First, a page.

Fab Lab at Nazarbayev University promotes material innovation, tech savvy

ASTANA – Nazarbayev University’s Fab Lab (fabrication laboratory), is a place where innovative solutions are nurtured with the help of engineering and fabrications tools.

The lab, part of the Nazarbayev University Research and Innovation System cluster, is intended to contribute to the innovative and technical potential of the country, Fab Lab manager Asselya Bizhanova told The Astana Times in a recent interview.

Digital fabrication allows people to produce tangible items addressing an array of day-to-day problems. Fab Lab users have access to advanced rapid-prototyping equipment, such as laser cutters, computer-controlled desktop milling machines, 3D printers and scanners, and a soldering station.

The “fab lab” concept grew from a class called “How to Make Anything”, taught by Professor Neil Gershenfeld at the Massachusetts Institute of Technology Centre for Bits and Atoms.

The Fab Lab at Nazarbayev University opened in July last year and is part of a global fab lab network connecting a worldwide community of innovators, researchers and makers.

“In the first year we were dealing mostly with documentation and agreeing on a budget. This year, we started organising events, trainings and courses more actively. A wider public now has access to our lab – not only students but others,” said Bizhanova.

The main goal of the lab is to develop engineering skills and technical potential in young people.

“Because we are a relatively new department at NURIS, we are only now at the stage of finding common ground with our professors, students. We are trying to involve more of our research and academic potential,” she added.

The majority of Fab Lab users are students at Nazarbayev University. Some visit the lab out of personal interest; some are assigned coursework there.

“Professors send their students to implement projects in the Fab Lab. We have completed our first session, with 62 students working on 31 projects. This was part of the academic programme for first year students in the Fundamentals of Engineering course. Step by step, we are building a model of cooperation with the university,” said Bizhanova.

A subscription is required to use the lab. The price for students is 2,500 tenge (US$6.81); for professors and university workers, 10,000 tenge (US$27.23); and for organisations outside the university, 12,000 tenge (US$32.67).

Bizhanova noted that using the lab requires certain skills.

“A person should possess at least some skills when he enters the lab. You should be able to use software programmes, for example, in 3D modelling, such as Solid Works, Fusion 360 or Core or any other,” she said.

For those with no skills, but with an enthusiasm to learn, the lab conducts training courses.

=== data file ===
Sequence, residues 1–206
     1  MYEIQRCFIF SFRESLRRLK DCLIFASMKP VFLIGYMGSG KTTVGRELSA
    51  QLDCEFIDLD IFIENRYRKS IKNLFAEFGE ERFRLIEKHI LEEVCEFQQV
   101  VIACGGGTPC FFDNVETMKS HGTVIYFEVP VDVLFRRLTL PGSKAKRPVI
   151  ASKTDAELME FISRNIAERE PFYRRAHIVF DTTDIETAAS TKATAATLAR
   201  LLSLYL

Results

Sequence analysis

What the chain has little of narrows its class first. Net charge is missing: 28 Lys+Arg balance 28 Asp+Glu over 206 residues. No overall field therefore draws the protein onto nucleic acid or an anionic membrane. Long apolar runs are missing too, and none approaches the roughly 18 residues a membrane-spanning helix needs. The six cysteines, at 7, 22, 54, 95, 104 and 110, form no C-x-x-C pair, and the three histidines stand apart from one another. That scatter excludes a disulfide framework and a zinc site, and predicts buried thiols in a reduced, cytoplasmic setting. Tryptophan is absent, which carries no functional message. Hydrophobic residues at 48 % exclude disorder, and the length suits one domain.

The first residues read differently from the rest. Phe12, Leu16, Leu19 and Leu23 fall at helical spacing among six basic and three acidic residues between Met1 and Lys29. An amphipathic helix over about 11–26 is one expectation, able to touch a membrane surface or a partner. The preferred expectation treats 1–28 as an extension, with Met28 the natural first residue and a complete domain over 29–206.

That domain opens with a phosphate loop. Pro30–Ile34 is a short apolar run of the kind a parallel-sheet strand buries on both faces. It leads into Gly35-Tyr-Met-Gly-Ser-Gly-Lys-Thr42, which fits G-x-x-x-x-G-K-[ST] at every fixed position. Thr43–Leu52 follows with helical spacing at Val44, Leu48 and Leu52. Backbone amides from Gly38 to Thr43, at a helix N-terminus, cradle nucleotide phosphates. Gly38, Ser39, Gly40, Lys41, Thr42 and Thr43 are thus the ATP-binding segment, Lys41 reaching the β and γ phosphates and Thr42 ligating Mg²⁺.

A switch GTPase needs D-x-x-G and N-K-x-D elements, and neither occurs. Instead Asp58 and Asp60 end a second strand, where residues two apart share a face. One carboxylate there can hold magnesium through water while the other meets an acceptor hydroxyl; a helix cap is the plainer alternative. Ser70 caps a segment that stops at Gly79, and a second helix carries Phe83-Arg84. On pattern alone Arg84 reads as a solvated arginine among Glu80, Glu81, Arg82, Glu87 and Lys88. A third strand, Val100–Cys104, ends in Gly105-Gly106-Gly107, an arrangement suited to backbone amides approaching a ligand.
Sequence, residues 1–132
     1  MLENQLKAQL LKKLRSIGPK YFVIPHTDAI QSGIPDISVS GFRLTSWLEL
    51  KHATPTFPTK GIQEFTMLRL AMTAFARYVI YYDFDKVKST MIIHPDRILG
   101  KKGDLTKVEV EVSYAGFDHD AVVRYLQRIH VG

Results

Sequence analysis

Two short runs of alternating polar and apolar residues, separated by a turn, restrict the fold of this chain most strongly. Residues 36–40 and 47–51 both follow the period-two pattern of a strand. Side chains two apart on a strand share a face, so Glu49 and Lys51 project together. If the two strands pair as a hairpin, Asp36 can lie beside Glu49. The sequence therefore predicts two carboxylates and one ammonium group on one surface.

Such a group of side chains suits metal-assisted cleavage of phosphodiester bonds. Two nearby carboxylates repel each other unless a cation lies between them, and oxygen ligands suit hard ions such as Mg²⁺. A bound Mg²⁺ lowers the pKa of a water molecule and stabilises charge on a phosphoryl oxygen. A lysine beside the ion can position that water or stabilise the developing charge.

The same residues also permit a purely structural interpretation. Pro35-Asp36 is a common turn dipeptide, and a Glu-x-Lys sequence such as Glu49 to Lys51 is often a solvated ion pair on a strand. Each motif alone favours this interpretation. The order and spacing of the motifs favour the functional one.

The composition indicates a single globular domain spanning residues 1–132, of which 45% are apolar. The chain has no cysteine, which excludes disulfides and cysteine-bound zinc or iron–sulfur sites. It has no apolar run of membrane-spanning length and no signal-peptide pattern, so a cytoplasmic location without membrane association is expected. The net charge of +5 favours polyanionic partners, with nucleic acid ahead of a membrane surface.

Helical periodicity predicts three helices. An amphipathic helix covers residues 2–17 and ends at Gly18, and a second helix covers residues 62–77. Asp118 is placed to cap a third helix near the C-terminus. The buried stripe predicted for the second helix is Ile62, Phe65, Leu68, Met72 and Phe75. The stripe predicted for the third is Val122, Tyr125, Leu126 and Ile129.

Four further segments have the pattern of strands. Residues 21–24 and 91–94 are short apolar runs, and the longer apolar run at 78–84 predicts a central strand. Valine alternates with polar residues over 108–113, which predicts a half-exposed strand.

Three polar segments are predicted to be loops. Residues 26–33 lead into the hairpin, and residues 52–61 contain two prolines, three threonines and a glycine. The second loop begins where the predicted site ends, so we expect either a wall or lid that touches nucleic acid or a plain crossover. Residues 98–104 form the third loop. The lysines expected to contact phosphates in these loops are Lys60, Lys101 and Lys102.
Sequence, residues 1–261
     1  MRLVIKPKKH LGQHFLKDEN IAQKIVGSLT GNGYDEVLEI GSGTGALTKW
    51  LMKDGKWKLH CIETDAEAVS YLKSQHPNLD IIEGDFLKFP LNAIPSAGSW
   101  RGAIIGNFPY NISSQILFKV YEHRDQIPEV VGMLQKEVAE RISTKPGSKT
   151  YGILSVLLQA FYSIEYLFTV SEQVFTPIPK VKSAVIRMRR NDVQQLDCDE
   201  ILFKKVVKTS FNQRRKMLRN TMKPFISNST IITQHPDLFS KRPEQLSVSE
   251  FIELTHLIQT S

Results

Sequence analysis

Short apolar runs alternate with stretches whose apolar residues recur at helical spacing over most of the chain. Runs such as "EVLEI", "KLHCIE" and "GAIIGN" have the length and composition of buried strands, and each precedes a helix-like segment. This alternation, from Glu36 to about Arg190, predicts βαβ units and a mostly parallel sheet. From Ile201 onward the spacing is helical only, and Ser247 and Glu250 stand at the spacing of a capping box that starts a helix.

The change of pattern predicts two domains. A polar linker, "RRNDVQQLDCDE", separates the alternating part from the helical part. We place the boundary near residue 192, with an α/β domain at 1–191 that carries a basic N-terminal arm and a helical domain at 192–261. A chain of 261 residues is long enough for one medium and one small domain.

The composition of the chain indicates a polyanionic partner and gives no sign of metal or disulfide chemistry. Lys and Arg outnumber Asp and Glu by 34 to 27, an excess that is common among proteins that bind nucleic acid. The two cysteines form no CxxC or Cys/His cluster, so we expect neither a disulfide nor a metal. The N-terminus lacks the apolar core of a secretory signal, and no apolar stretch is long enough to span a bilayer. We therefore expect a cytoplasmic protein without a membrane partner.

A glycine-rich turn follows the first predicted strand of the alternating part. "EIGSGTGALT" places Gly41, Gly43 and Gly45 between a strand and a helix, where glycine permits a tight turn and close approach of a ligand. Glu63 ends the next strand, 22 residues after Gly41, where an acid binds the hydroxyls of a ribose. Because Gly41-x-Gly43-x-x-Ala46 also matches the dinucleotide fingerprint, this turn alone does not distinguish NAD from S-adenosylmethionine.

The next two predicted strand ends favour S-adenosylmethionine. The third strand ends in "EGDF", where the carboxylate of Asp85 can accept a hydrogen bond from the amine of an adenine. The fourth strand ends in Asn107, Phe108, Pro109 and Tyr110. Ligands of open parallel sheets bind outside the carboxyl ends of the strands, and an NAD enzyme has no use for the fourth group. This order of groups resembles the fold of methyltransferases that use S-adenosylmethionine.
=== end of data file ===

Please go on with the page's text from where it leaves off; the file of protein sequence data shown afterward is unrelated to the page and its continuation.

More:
“We are now running a training course on Solid Works consisting of approximately nine classes lasting two hours each over three weeks. We teach in Kazakh and Russian,” she added.

The lab also organises free master classes every Thursday.

“We have different master classes. Some teach 3D printing. This week we had a class on the Fusion programme,” she said.

Fab Lab master class

Trainings can also be organised on demand, she added. “People come and see and if they want to understand this programme in a more detailed way, they can submit an application asking for a master class on that particular topic to be arranged.”

One of the biggest projects run by the lab is Makeathon, an international social project that generates solutions to help people with special needs overcome their everyday challenges.

The event is scheduled for Nov. 30, and Bizhanova says it “represents a bright example of the lab’s activities.”

“It has three stages. In the first, people with special needs and makers meet to discuss the problems people with special needs face. The second stage is a 72-hour block of work, during which makers work to develop a product to address these problems,” she said.

The second stage produced five prototypes.

“One of them is verticaliser for people who cannot walk. The task was to build a device that would help a person not only walk but also to conduct water procedures. For those who take care of people, it is sometimes difficult to hold them,” she said.

The event will display these products as well as other devices produced by lab users, including a self-made 3D printer, robots and mechanical watches.

Bizhanova said the lab plans to expand its activities next year, including reaching out to school students.